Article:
GRDA Police share water safety tips as Labor Day weekend approaches

The Illinois River: An inviting view of the scenic Illinois River. If your Labor Day weekend plans include floating on these waters, the GRDA Police Department wants to remind you to float safe, smart and sober while you enjoy the holiday.

Langley – Heading to the lake or the river for the long Labor Day weekend? If so, the Grand River Dam Authority Police Department wants to remind you of some important information that can help promote a safe time on the water.

Whether you are visiting GRDA’s Grand Lake, Lake Hudson or the scenic Illinois River, it is important to remember that enjoyable outings always start with boating (and floating) safe, smart and sober. GRDA officers will be out in full force over the holiday to help reinforce this safety message and assist visitors as they take advantage of the many recreational opportunities on GRDA waters.

“Labor Day weekend is always an active time on the lakes and river and we encourage the public to come out and have a great time,” said GRDA Vice President of Corporate Communications Justin Alberty. “However, that great time always starts with wearing your life jacket and using common sense on the water.”

GRDA has shared the following “Dos and DON’Ts” often, but as you head to the water this

weekend, please keep these in mind:

  • DO wear a life jacket. They float, you don’t. However, they only work if you wear them.  Remember, if you are floating the river, children 13 years of age and under are required to wear a life jacket at all times. On the lake, children 12 years of age and younger are required to wear a life jacket on vessels under 26 feet long. However, we encourage everyone to wear a life jacket at all times.
  • DON’T DRINK AND BOAT. Alcohol use continues to be the single leading factor contributing to boating accidents. Don’t become a statistic.
  • DO know the water and environment you will be boating or floating on.
  • DO keep a good lookout while underway.
  • DO shut your engines off when people are in the water near your boat.
  • DO observe the nautical “rules of the road.”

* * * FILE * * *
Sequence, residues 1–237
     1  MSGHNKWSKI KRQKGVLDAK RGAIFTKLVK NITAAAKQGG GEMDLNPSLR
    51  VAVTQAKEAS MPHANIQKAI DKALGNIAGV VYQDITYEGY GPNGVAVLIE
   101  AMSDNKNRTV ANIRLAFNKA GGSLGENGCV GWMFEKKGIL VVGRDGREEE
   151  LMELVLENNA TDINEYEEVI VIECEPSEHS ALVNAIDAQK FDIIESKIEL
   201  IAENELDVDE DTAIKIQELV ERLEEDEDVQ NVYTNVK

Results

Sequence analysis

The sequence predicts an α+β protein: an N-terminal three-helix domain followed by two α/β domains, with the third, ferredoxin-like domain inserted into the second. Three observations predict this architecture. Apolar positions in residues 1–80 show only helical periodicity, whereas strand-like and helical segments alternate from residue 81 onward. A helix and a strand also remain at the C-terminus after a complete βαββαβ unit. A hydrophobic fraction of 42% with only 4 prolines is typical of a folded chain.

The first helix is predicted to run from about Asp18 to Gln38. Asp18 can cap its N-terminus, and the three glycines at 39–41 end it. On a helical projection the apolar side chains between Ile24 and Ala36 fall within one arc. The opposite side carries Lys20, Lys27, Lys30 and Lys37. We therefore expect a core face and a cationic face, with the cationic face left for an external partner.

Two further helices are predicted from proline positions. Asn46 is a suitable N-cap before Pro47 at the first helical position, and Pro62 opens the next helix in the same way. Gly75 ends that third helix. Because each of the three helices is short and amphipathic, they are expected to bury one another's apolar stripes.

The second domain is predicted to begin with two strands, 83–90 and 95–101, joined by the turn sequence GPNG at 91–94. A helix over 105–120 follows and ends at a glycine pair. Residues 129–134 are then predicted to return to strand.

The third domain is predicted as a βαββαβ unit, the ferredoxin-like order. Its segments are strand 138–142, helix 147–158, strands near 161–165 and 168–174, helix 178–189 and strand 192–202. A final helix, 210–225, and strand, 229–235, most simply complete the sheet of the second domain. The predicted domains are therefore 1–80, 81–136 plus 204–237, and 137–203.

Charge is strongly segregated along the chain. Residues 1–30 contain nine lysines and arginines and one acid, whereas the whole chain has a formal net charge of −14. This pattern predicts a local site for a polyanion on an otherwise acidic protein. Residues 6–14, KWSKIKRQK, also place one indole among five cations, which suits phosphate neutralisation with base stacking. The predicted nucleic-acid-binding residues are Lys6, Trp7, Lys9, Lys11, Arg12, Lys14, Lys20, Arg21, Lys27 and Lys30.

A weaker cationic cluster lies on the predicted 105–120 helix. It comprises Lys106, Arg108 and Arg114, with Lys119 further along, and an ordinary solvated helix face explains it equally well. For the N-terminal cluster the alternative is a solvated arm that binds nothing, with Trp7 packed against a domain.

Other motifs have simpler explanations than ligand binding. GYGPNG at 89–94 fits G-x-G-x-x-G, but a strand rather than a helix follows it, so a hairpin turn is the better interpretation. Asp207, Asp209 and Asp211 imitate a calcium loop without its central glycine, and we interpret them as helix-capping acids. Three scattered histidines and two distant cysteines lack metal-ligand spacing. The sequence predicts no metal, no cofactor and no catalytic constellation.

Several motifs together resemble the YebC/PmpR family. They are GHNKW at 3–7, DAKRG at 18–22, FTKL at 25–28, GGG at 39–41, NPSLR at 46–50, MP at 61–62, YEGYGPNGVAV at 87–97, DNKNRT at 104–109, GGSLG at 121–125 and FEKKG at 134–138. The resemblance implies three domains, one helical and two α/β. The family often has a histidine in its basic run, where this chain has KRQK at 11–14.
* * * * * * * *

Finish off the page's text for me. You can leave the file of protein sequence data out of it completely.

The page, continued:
• DO check the weather forecast before getting underway.
  • DO keep a balanced load and trim boat.
  • DON’T overload your boat.
  • DON’T ride on the gunwale, bow, seat backs or any place that is not designated for sitting.
  • DON’T swim or boat alone. Stay within sight of companions.
  • Floating the river? DO let the commercial float operator know if you are anyone in your party are a first-time or novice floater(s). They may be able to pair you with an experienced paddler/floater or float you in a raft where there is a lesser chance for capsizing;
  • DON’T dive into the river from bridges, bluffs, stream banks and trees.
  • DO respect the weather and the water. If you are tired while floating, take a break on the bank or on a gravel bar to rest.

For those planning on hitting the water on a personal watercraft (PWC), the GRDA Police also

Grand Lake Holiday: Boaters fill up the waters of Grand Lake during the July 4, 2017 holiday. Scenes like this will likely be repeated over the upcoming Labor Day weekend, so the GRDA Police Department is sharing some important water safety information that can help make your time on the water more enjoyable.

offers these important safety tips:

  • Don’t ride tired: PWC operation requires a real sense of balance. Tired operators do not have as much balance, which means less controlled operation.
  • Watch the weight: Don’t carry more passengers or weight than is recommended in your PWC’s owner manual. The heavier the load, the harder it is to handle and turn your PWC.
  • Watch out for others: Because lake traffic changes constantly, riders have to be very aware of their surroundings at all times.
  • Know what the craft is capable of: Just because you have ridden a PWC before, don’t assume they are all the same. For the most part, they are very similar, but riders must be educated about the specifics of the craft they are operating.
  • Know where you are: It is very important to know your location on the water. Are you near hazards such as rocks, buoys or sandbars? Are you in a place that is popular with skiers? Even though PWCs are designed to operate in shallow waters, it is important to remember that shallow water can become no water in a hurry. Avoid such areas.
  • Never drink and ride: PWC operation requires clear thinking, quick decisions, the ability to focus, depth perception, ability to judge speed and distance and ability to track moving objects. Alcohol impairs all these abilities while also affecting balance. Oftentimes, PWC injuries occur when people fall into the water and are too inebriated to climb back on board.